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The Tohoku Economy Two Years On Growing divergence in recovery speeds and more diverse challenges | Naoyoshi Yamada Director-General Tohoku Bureau of Economy, Trade and Industry Ministry of Economy, Trade and Industry (METI) [Date of Issue: 29/March/2013 No.0217-0885]

Date of Issue: 29/March/2013

The Tohoku Economy Two Years On
Growing divergence in recovery speeds and more diverse challenges

Naoyoshi Yamada
Tohoku Bureau of Economy, Trade and Industry
Ministry of Economy, Trade and Industry (METI)

The Tohoku economy is gradually recovering from its post-disaster slump, and a steady overall recovery appears to be underway. Discrepancies are beginning to emerge between regions in the rate of progress toward recovery, while the issues faced and the necessary measures are also diversifying. Looking ahead, in addition to measures which are already being implemented, we will prepare a diverse menu of responses enabling us to tailor our actions precisely to regional needs while also promoting the development of the Tohoku economy as a whole.

It is two years now since the Great East Japan Earthquake, a disaster of unprecedented scale and scope stretching from Tohoku to the Kanto region which caused massive tsunami damage along the Pacific coast.

Over that time, the government has been working to clear away debris, create recovery plans and put infrastructure in place. In the area of industrial stimulation, four supplementary budgets have been formed, with steady progress made on restoration and recovery support initiatives that include institutionalizing the SME Group Subsidy scheme (Restoration and Maintenance Subsidy Project for Facilities of Small and Medium Enterprise Groups), introducing a system for providing temporary factory and store premises free of charge through the Organization for Small & Medium Enterprises and Regional Innovation, Japan, and introducing mechanisms whereby local industrial promotion organizations buy up debt to address ‘double debt’ problems. For the area around the Fukushima Nuclear Power Plant, the government’s focus has been on a corporate location subsidy program for the industrial recovery of Fukushima, assistance in measuring radiation levels as a means of combating reputation damage, and the SME Group Subsidy scheme.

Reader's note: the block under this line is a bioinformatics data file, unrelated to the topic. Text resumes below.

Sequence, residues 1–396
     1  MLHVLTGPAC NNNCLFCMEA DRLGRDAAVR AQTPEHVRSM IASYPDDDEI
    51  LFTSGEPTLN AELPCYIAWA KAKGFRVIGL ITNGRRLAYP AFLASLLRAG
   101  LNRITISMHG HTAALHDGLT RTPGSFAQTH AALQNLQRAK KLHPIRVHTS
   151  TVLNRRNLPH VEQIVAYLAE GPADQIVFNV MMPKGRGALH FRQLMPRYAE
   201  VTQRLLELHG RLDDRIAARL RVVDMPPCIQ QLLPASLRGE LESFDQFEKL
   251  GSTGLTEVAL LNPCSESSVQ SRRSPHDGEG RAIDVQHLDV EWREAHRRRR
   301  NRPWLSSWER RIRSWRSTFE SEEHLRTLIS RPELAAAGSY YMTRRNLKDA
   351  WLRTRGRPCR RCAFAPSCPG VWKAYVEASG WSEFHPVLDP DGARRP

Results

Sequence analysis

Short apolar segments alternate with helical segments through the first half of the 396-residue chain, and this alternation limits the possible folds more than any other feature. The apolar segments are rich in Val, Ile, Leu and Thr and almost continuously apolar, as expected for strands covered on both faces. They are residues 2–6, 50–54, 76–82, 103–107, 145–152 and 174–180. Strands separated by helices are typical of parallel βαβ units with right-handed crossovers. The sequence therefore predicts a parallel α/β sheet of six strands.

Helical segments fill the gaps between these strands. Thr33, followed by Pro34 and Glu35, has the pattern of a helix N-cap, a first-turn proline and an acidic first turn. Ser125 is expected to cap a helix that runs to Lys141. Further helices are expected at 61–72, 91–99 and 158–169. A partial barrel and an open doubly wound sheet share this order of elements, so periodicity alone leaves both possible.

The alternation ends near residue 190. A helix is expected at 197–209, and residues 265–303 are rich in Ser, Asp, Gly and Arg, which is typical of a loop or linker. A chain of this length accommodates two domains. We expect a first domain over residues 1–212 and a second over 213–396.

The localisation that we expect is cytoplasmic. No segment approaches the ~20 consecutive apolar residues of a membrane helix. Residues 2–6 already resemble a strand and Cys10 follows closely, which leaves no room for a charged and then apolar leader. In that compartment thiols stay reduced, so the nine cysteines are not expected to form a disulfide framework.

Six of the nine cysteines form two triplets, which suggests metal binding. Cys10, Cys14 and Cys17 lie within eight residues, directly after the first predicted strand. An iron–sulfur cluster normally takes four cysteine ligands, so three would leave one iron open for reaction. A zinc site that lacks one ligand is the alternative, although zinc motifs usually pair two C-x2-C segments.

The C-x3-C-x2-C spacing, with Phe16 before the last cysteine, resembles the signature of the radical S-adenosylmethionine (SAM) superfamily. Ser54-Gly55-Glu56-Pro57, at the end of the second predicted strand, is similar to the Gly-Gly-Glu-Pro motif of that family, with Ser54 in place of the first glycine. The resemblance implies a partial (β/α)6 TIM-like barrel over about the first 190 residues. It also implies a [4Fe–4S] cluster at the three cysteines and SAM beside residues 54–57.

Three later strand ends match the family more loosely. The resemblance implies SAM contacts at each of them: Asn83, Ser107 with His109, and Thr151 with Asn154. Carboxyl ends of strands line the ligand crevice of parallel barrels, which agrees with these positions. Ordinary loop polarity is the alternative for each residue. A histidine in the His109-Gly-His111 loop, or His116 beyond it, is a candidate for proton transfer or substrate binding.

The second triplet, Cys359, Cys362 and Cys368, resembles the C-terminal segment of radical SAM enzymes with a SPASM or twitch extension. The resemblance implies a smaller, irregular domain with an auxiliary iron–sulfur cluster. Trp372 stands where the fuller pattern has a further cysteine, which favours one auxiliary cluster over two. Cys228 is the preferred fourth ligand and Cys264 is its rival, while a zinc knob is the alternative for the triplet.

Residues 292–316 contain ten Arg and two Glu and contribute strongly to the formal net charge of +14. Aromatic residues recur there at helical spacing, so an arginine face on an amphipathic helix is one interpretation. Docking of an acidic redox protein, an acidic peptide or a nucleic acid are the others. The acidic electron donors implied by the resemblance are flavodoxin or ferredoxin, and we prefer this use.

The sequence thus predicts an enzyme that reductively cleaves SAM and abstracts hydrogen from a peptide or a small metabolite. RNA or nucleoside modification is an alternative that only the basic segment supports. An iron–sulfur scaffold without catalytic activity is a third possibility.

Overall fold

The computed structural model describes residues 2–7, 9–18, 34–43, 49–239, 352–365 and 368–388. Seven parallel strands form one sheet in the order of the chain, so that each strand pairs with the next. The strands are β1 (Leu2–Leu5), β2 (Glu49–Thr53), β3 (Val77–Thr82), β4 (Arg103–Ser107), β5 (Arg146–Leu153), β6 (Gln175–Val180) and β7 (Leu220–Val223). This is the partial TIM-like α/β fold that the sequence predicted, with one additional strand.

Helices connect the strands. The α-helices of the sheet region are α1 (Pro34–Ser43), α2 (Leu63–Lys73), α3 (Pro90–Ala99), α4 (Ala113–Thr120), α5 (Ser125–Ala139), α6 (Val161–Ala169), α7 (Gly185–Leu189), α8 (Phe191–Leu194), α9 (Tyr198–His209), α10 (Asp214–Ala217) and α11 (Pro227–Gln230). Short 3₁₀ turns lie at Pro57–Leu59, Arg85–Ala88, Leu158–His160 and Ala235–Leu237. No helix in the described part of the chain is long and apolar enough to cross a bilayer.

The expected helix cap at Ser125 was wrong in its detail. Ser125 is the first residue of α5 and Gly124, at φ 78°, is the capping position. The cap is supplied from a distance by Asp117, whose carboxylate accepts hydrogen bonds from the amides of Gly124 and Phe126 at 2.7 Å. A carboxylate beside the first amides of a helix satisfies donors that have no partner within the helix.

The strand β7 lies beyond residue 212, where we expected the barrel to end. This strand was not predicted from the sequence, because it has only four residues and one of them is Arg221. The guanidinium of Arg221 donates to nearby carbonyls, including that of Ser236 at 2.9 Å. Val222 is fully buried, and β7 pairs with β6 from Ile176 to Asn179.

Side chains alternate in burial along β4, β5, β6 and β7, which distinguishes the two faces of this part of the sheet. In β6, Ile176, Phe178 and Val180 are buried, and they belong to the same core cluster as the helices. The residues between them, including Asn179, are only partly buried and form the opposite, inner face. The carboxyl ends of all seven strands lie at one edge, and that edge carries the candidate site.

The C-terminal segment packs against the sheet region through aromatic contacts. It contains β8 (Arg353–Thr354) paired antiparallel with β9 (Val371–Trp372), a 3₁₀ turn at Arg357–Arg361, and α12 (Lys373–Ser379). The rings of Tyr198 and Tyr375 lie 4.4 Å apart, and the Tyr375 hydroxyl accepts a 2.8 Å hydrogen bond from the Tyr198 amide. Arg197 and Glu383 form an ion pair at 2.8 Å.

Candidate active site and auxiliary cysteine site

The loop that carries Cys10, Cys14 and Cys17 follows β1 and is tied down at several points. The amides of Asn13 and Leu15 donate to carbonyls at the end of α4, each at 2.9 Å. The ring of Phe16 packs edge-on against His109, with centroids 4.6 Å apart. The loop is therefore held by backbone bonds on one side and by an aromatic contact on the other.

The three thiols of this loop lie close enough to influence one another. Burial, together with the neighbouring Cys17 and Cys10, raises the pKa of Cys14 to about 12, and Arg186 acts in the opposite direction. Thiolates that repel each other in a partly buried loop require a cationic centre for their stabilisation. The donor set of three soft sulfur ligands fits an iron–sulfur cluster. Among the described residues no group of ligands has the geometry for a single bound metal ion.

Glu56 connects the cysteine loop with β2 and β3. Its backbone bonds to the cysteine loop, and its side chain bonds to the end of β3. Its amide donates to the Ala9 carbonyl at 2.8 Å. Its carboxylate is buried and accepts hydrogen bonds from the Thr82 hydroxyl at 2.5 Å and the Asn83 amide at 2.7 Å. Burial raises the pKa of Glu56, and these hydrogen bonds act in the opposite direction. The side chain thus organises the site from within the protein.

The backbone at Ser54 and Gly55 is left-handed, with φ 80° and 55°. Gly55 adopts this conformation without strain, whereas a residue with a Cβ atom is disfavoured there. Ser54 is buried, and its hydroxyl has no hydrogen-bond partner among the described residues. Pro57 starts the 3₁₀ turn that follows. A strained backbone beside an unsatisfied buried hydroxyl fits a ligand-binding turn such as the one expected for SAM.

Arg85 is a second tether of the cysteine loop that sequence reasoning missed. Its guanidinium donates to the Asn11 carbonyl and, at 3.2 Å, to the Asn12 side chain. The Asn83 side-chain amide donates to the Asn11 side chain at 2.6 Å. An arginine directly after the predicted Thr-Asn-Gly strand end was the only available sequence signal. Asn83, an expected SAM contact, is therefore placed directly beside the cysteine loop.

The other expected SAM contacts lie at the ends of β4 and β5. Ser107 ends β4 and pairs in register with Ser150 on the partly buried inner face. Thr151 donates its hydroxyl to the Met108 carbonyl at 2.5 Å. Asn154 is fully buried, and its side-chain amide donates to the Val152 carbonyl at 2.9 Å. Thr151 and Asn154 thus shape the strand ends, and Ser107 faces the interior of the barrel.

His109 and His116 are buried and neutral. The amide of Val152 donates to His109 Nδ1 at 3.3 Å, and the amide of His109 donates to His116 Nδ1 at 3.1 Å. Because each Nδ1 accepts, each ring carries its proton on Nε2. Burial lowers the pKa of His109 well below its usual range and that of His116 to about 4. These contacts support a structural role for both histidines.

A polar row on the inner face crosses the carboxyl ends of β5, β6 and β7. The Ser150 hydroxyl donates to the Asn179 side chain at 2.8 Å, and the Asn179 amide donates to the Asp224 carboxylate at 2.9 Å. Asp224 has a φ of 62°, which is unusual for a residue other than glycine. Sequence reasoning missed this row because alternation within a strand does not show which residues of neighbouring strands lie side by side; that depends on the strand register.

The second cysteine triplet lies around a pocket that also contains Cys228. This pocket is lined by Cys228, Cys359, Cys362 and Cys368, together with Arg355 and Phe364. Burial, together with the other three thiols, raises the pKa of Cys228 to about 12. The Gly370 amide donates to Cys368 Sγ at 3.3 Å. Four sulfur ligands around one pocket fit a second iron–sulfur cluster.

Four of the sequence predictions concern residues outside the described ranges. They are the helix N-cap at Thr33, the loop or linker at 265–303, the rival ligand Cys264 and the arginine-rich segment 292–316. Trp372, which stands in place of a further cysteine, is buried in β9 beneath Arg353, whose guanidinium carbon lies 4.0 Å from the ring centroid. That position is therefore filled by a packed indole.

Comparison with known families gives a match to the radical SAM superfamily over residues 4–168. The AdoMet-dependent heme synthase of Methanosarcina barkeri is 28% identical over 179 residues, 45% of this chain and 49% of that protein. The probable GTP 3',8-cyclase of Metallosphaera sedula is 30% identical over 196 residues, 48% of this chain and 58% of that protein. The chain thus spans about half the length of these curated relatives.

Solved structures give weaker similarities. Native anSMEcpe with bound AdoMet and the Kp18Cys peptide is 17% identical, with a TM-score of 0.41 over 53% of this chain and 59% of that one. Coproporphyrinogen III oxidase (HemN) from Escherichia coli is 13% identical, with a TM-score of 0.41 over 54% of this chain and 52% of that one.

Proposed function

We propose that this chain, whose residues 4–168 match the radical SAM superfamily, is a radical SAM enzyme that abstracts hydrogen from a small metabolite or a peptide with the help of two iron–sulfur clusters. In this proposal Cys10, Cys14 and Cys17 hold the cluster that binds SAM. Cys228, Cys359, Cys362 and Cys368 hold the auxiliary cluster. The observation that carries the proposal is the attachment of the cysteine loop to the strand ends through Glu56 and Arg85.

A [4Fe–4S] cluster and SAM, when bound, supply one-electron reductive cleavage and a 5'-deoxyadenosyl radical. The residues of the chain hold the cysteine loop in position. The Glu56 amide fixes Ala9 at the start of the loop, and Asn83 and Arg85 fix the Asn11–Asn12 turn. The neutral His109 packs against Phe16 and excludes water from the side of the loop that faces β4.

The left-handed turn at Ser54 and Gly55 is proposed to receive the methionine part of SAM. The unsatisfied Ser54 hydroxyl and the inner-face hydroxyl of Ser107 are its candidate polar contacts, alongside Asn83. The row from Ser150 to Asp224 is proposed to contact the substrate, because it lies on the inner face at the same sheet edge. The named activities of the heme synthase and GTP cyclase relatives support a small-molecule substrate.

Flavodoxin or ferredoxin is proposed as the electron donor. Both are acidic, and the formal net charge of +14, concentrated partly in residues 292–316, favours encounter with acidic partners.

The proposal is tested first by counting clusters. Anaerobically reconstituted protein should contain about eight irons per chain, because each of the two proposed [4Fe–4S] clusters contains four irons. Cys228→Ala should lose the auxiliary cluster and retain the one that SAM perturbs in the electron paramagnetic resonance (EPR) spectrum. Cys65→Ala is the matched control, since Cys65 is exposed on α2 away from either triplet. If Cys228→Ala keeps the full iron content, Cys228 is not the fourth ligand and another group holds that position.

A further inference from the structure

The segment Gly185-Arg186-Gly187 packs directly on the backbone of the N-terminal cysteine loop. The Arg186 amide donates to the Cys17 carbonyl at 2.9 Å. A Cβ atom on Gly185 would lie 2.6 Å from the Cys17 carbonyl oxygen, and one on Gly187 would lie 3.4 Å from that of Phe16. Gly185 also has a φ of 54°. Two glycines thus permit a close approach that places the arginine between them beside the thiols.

Massive efforts by those involved have achieved solid progress toward disaster rehabilitation, and the Tohoku economy is gradually recovering from its post-disaster slump, with a steady overall recovery underway. According to macro data, the industrial production index for the Tohoku economy slumped from 99.7 (topping the national index of 98.5) in February 2011 immediately before the earthquake to 64.2 in the March immediately after, well down on the national index of 82.5. However, by March 2012, a year later, Tohoku’s industrial production had returned to the same level as the rest of the country. Subsequently, despite the impact of the strong yen and doubts about the European economy, in January 2013, almost two years after the disaster, the index was holding at a satisfactory 88.3 against the national index of 89.7 (see below).